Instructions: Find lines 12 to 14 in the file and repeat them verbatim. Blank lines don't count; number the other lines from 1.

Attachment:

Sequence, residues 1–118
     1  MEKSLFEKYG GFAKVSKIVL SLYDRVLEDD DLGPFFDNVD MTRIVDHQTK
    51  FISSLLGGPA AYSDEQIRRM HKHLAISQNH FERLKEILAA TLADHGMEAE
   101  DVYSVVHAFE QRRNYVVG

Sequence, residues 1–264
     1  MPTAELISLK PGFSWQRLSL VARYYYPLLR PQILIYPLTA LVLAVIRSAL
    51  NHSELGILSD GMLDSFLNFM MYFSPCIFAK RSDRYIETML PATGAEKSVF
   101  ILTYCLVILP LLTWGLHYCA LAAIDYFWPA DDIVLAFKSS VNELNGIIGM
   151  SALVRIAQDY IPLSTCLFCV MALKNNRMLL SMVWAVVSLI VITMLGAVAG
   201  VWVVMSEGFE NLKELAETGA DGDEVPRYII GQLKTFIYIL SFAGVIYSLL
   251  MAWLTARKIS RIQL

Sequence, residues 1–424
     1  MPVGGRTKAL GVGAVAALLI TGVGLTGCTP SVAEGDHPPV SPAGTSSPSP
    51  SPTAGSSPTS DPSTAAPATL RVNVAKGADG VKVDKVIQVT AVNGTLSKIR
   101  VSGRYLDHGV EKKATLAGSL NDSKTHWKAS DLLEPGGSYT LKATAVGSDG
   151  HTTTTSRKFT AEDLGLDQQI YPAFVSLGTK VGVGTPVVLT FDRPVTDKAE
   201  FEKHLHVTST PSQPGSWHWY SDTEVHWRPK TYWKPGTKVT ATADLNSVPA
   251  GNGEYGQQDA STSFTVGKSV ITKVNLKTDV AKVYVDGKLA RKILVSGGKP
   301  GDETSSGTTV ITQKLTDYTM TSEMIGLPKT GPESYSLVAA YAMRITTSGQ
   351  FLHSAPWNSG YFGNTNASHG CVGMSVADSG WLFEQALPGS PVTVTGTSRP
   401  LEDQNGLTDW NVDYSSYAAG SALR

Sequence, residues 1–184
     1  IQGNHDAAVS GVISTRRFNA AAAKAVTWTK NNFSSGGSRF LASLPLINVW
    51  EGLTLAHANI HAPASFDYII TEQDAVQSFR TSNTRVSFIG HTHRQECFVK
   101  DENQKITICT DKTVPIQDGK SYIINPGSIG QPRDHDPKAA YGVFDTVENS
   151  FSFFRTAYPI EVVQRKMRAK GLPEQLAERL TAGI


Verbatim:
Sequence, residues 1–424
     1  MPVGGRTKAL GVGAVAALLI TGVGLTGCTP SVAEGDHPPV SPAGTSSPSP
    51  SPTAGSSPTS DPSTAAPATL RVNVAKGADG VKVDKVIQVT AVNGTLSKIR